This talk deals with “race conditions” in web applications. From 2021 to 2022 we have seen an increase in race condition reports with huge bugbounty payouts affecting MS, AWS, Instagram and others, for example, leading to MFA-Bypass. According to MITRE it is still a big “research gap” and based on how easily race conditions are introduced into code and how difficult they are to detect, there are probably still a lot of vulnerable applications out there. This type of vulnerability allows an attacker to create unforeseen states as a result of overlapping and parallel program code sequences. By cleverly exploiting these conditions, advantages can be gained, such as bypassing anti-brute force mechanisms, overriding limits, overvoting, and other attack scenarios. As part of this talk a developed penetration testing tool with a distributed approach and a demo web application that is vulnerable to this type of attack is being presented. With help of the demo application and the race condition testing tool real-world attack scenarios will be demonstrated. Also results of tested SAST/DAST tools will be given to show how difficult it is to prevent and also test for race condition vulnerabilities.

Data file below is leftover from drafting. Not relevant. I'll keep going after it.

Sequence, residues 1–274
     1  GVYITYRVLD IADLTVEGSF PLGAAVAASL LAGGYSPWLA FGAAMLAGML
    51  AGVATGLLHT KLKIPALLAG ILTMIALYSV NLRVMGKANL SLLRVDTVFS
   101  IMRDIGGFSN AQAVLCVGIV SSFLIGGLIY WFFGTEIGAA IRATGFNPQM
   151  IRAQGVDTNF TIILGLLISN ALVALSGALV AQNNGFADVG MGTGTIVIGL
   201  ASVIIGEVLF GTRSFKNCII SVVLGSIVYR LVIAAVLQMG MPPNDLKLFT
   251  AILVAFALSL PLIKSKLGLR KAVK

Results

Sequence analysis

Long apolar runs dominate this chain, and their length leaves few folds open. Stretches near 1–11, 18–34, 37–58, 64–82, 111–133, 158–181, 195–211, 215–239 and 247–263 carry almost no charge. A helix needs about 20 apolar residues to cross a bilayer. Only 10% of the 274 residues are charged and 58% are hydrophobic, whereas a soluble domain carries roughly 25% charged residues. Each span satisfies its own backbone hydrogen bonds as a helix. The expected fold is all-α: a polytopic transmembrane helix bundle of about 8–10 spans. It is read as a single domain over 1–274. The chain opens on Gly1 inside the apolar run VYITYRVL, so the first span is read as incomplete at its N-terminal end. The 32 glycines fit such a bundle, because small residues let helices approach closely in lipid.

The learning objects of the talk are in the following order:
- Introduction to the Race Condition and TOCTOU vulnerabilities, how they work and why exploiting them can be attractive to an attacker, how little is known about them and perhaps too often overlooked in penetration testing.
- How easily the vulnerability exists in various web programming languages. And in which frameworks the vulnerabilities exist by default (example of a vulnerable PHP code snippet with race condition – “would you find it in a code review?”).
- Why our existing toolset consisting of DAST/SAST!/RASP/WAF etc. has difficulty preventing or detecting these vulnerabilities, and why it is necessary to look for race condition vulnerabilities as part of a penetration test.
- Actual and impressive attack scenarios from bugbounty reports have been implemented in a vulnerable demo application and will be attacked during a live demo. The audience with the mindset of a breaker will learn how to test for race conditions during penetration testing.